Coronavirus Cases in Singapore Continue to Rise As Residents Come Home

Philip J. Heijmans and Faris Mokhtar
Coronavirus Cases in Singapore Continue to Rise As Residents Come Home

(Bloomberg) --

Singapore says the number of coronavirus cases in the city-state “will continue to rise” over the coming weeks as some overseas citizens return home from around the world.

The top three sources of importation are the United Kingdom, the U.S., and Indonesia, Health Minister Gan Kim Yong told parliament on Wednesday, after the number of local cases more than doubled in the past week. The city-state gets about 1,200 residents returning, just from the U.K. and the U.S., every day, National Development Minister Lawrence Wong said in the same session.

Their comments come a day after Singapore introduced its strictest measures yet to combat the spread of the coronavirus, including plans to shut bars and cinemas, and suspend religious services.

Coronavirus cases in the city-state have surged in recent weeks as citizens and long-term pass holders later found to be carrying the disease return. On Tuesday, the government reported an additional 49 cases, of which 32 were imported, bringing the total since the start of the outbreak to 558.

Long fight

Singapore is at a “critical phase” in its fight against the virus and the nation has to be prepared for a lengthy battle, Wong told parliament, as he shed tears when he spoke of the sacrifices made by healthcare workers in the city-state. He and Gan helm a ministerial task force to combat the virus outbreak in the country.

“We are only at the beginning of a very long fight. This will continue for many more months, till the end of the year, and perhaps even beyond,” Wong said, noting it’s been more than two months since work against the disease also known as Covid-19 started.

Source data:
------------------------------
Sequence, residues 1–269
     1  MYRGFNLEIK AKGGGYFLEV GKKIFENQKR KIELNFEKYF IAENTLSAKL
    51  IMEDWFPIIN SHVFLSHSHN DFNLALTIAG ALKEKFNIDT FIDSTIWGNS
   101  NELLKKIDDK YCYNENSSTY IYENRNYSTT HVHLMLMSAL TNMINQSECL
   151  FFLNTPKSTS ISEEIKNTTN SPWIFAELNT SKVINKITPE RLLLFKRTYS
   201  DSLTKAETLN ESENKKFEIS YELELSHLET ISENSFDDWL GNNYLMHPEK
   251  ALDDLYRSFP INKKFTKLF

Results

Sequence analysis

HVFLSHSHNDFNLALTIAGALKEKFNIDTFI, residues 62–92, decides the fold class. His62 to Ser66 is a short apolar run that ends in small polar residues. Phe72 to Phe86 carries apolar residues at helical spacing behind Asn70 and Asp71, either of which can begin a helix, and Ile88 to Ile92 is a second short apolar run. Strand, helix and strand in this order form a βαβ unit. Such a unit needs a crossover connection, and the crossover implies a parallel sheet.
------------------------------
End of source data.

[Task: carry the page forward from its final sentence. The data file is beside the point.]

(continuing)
“The coronavirus is without a doubt the biggest threat the world and Singapore has faced for decades.”

Government leaders have said that more severe measures are in the cards if there’s wider local transmission, such as suspending schools and closing workplaces, aside from those providing essential services.

Singapore is focusing resources on the large numbers of returning overseas citizens to identify symptoms early at the airport and expand testing capacity.

There’s “no telling how long this current wave of returnees and imported cases will last” since more countries are on lockdowns and many Singapore residents may want to return, Wong said.

Greater concern

Singapore also can’t just rely on tests alone as an individual tested negative at the point of entry may simply be incubating the virus and could develop symptoms over the following days, he added. The government needs to isolate returnees and placed them on stay home notices, with 38,000 people now under such orders.

Recent measures and the focus on oversees returnees are meant to prevent widespread local transmission. A “greater concern” would be the number of locally transmitted cases, especially those that are unlinked and Singapore is seeing more such cases, Wong said.

“So we will keep the measures under constant review. If the situation worsens, we will apply extra brakes; if the situation improves, we may be able to ease off a little bit, but not go back to baseline, perhaps to a less stringent set of measures because the pandemic will probably still not be over for quite some time,” he added.

Healthcare Capacity

Health Minister Gan also told parliament that the government will continue to explore the use of alternative isolation facilities besides public hospitals to care for virus patients who are well and stable.

Gan said that while Singapore currently still has sufficient capacity in its health care system, the country cannot be complacent and will need to preserve buffer capacity. He said that as more clusters emerge, the country’s contact-tracing, quarantine and health care resources will be stretched.

For alternative isolation facilities for patients with mild symptoms, the government is tapping on private capacity and setting up community care facilities, according to Gan. The city-state is also converting some government quarantine locations for this purpose.

Furthermore, a 330-bed infectious disease facility that was purpose-built after the 2003 SARS crisis can be increased to over 500 beds if necessary, he said.

Gan added that to date, Singapore has done about 39,000 tests for the disease. That translates to 6,800 tests per million people in Singapore, he said.

(Adds National Development Minister Lawrence Wong’s comments)

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